3. And it was in consequence of this judgment that E. 15 was made. The position is therefore that on the date when the ex parte orders were passed the iremedy under Order 9, Rule 13, was not open to the appellants and they could not rely upon Section 5, Lim. Act (9 of 1908) and no appeal against those orders was filed. The appellant's applications being dated 15th August 1931, the lower Court's orders of 31st March 1931 had thus become final. It is nevertheless contended by Mr. B.T.M. Raghavachari in a very able argument that, although the amendment is not by express enactment stated to be of retrospective application, nevertheless since it deals merely with matters of procedure, it may be applied retrospectively. But this contention overlooks the rights which had been acquired by the respondent Board. They had obtained orders for execution of the decrees which had become final. They were entitled to have their decrees executed, no appeal having been presented against the orders in their favour. The [appellants seek to deprive the respondent Board of their rights which were in existence at the time of the amendment of Order 9, Rule 13. This, they are clearly 'not entitled to do; and the decision of the Privy Council in Delhi Cloth and General Mills Co. v. Incometax Commissioner, Delhi 1927 PC 242 is directly in point. On p. 290 their Lordships say:
But a further point remains. Is there under this section any appeal at all from an order of the High Court made before the Act of 1926 came into force?
The principle which their Lordships must apply in dealing with this matter has been authoritatively enunciated by the Board in Colonial Sugar Refinig co. v. Irving (1905) AC 369 , where it is in effect laid down that while provisions of a Statute dealing merely with matters of procedure may properly unless that construction be textually inadmissible, have retrospective effect attributed to them, provisions which touch a right in existence at the passing of the Statute are not to be applied retrospectively in the absence of express enactment or necessary intendment. Their Lordships can have no doubt that provisions which if applied retrospectively would deprive of their existing finality orders which, when the Statute came into force, were final, are provisions which touch existing rights. Accordingly, if the section now in question is to apply to orders at the date when it came into force, it must be clearly so provided.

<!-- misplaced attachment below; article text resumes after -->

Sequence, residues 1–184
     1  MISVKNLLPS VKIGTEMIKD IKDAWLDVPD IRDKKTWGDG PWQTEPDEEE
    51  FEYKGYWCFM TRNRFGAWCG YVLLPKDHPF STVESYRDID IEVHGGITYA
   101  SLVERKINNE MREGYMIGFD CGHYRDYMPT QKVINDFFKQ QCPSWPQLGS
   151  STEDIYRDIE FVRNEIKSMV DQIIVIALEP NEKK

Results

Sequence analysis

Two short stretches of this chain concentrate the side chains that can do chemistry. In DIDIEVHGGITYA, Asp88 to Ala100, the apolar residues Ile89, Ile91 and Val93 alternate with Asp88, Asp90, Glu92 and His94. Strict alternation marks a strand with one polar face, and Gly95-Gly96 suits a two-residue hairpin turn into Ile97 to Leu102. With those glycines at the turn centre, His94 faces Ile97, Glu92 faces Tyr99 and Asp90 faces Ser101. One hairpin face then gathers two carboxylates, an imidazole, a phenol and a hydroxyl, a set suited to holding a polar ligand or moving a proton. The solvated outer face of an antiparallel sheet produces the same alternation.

4. It was, however, further contended by the appellants that the amended Rule 13 was made during the pendency of these appeals to the High Court and that it therefore was incumbent on the High Court in appeal to apply the new law and reverse the lower Court's orders. A similar contention was raised in Sri Rajah Satrucherla v. Maharaja of Jeypore 1928 Mad 1194, but was negatived by Wallace and Madhavan Nair, JJ., who stated:
We are unable to accept this argument. The lower Court's order issuing execution was perfectly correct and execution is going on under authority of that correct order. We can see no ground for now ruling that the execution legally started has now somehow by a change in the processual law, which only affects the matter of the initiation of the execution proceedings, become illegal. Further it appears to us that by the order of the lower Court the respondent has acquired a vested interest in having his decree realized under the procedure in force at the time.
5. I see no reason for differing from that decision. The appellant's contention on this point must therefore fail also, and it follows that these appeals must be dismissed. C.M.A. No. 166 of 1932 is dismissed with costs, and C.M.A. No. 167 of 1932 and C.R.Ps. Nos. 583 and 584 of 1932 are dismissed.
6. I agree.